Officials mark 100th anniversary of signing of Hawaiian Homes Commission Act
On Friday’s 100th anniversary of the signing into law of the Hawaiian Homes Commission Act by President Warren G. Harding, the “groundbreaking legacy” of Prince Jonah Kuhio Kalaniana‘ole — champion of the law intended to provide homes for Native Hawaiians — was celebrated.
“Whether it’s improving Native Hawaiian housing, health care or education, Prince Kuhio’s work, his legacy of justice for Native Hawaiians, lives on. It’s alive in the work we’re doing in Congress. It’s alive in all of you,” U.S. Sen. Brian Schatz, D-Hawaii, told the assembled dignitaries, Hawaiian Homes commissioners, and Department of Hawaiian Home Lands officials and beneficiaries, outside the DHHL office building named for the prince in Kapolei, Oahu.
Schatz, the chairman of the Senate Committee on Indian Affairs, noted the act “has provided over 10,000 homestead lots for Native Hawaiian families, returning land to its rightful owners, and righting a wrong perpetuated many years ago.” He then acknowledged there is “more work to do to fulfill Kuhio’s vision.”
The cash-strapped DHHL, which administers some 203,000 acres of land, has about 28,000 Native Hawaiians on its wait list for a homestead lease, and some have been there for decades. The department estimated earlier this year it would need $6 billion to put all those on the list in homes. At the current level of funding, the department estimated it would take 182 years to clear its wait list.
Schatz said the American Rescue Plan passed earlier this year “included historic funding for Native Hawaiian programs, about $200 million for Native Hawaiian health, education and housing — the biggest one-time funding into native communities, including Native Hawaiian communities, in American history.”
“I think it’s really important to understand that that is the kind of sustained commitment we’re going to have to make, not over a couple of years, not five years, not ten years, but generations, to right these historic wrongs,” he said.
Schatz said bipartisan legislation has been introduced to reauthorize the Native American Housing Assistance and Self-Determination Act.
“Our bill will extend (the law) for another decade and ensure that the Department of Hawaiian Home Lands will receive the federal resources that it needs and deserves to help house more Native Hawaiians,” he added.
Gov. David Ige called Friday’s anniversary a “momentous occasion in our state’s history.”
“We have increased general support for the department to the highest levels ever in the state’s history,” Ige said. “We continue to appropriate construction funds at the highest level.
“Hawaiian Home Lands is breaking ground this summer on the first subsistence agricultural lots with rural infrastructure. … In addition, the department’s first affordable high-rise project is underway in Moiliili … providing opportunities for beneficiaries to live in the urban core.”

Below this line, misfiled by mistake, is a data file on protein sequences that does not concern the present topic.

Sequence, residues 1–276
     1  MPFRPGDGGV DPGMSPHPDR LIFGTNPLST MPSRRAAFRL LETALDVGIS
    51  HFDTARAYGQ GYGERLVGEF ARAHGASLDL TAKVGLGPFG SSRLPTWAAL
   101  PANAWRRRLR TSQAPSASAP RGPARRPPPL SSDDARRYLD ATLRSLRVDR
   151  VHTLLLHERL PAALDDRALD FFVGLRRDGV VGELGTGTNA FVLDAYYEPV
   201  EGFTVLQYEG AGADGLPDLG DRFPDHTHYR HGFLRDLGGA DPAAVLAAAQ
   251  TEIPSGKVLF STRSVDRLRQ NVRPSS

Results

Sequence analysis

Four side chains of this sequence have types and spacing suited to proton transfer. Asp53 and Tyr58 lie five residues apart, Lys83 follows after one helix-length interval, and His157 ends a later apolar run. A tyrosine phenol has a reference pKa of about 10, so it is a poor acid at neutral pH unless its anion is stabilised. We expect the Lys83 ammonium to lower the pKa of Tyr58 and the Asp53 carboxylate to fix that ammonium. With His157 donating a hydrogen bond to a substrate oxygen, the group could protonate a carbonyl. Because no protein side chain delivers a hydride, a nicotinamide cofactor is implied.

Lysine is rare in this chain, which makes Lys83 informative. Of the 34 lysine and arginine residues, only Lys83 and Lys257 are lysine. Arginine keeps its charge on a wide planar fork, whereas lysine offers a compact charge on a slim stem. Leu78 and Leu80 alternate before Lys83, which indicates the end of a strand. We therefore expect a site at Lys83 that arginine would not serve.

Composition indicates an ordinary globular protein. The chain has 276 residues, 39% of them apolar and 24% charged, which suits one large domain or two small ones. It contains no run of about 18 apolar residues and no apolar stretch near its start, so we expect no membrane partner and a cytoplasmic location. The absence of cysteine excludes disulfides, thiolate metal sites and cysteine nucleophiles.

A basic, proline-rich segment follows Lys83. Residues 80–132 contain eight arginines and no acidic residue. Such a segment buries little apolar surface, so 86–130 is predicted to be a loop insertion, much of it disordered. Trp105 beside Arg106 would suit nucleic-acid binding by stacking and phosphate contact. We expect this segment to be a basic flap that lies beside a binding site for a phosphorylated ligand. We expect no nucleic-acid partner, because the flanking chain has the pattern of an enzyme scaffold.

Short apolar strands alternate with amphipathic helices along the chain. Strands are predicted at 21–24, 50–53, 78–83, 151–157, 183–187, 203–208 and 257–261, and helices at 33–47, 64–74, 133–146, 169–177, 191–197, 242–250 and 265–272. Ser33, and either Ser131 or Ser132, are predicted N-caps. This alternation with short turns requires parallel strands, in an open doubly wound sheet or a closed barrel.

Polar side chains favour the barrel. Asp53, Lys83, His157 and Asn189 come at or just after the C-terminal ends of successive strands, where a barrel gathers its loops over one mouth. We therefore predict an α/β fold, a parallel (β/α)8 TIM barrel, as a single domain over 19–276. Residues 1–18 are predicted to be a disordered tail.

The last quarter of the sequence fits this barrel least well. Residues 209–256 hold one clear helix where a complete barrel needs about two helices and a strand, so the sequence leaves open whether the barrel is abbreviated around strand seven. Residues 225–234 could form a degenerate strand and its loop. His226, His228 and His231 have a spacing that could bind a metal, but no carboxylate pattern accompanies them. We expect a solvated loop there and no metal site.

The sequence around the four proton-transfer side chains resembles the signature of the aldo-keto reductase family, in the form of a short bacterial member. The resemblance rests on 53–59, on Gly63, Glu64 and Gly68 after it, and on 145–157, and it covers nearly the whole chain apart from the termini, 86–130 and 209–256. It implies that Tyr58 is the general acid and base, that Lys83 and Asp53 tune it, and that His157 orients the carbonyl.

DHHL leaseholders are required to be 50% Hawaiian, and Ige said new rules “allow beneficiaries to use DNA testing to confirm a biological parent-child relationship.”
“These measures improve the department’s ability to serve beneficiaries of the Hawaiian Homes Commission Act, and further the department’s mission to get Native Hawaiians off the wait list and into stable homes,” he said.
Ige said there are “remaining obligations to DHHL under Act 14, a 1995 law he co-authored as a state senator. Although he didn’t specifically mention it, the law requires the state to compensate DHHL for the Maunakea Access Road through a land swap, which hasn’t occurred.
“It bothers me that until today, more than 20 years later … we still have not finished the settlement that was set in motion in 1995,” he said. “We were making tremendous progress, then the pandemic happened. I just want all of you to know that I am committed to completing that before the end of my administration. It is important for us to follow through on those commitments we made a while ago.”
William Aila, chairman of both DHHL and Hawaiian Homes Commission, noted that earlier this year, the department introduced legislation to raise funds — which, in its original form, included a casino in Kapolei. Ige opposed the bill, which died during the legislative session.
“I do appreciate your patience with me, in particular, and with the commission as a whole,” Aila said. “You know, we’re always going to look at new things and see how far we can get.”
As Aila spoke, a masked woman protester positioned herself so a video camera aimed at Aila also caught her holding a homemade sign that read, “100 years!!! Hawaiian hands still not on Hawaiian lands. Why celebrate?”
Davianna McGregor, a professor of ethnic studies at the University of Hawaii at Manoa, noted that Prince Kuhio, an elected nonvoting delegate to Congress, championed the Hawaiian Homes Commission Act because he thought Hawaiians were facing possible extinction, living in tenements and shantytowns and dying of diseases such as tuberculosis. It was signed into law during the last year of Kuhio’s life.
“Importantly, after 100 years, while we only number 2,000 full Hawaiians, we part-Hawaiians are more than 527,000 strong in Hawaii and the U.S., with 290,000 Native Hawaiians in Hawaii,” McGregor said. “… Insist that the state Legislature fulfill the constitutional mandate to provide sufficient funds for the national trust lands to be awarded, and affirm Native Hawaiian self-governance to secure his legacy for the next hundred years.”
Email John Burnett at email@example.com.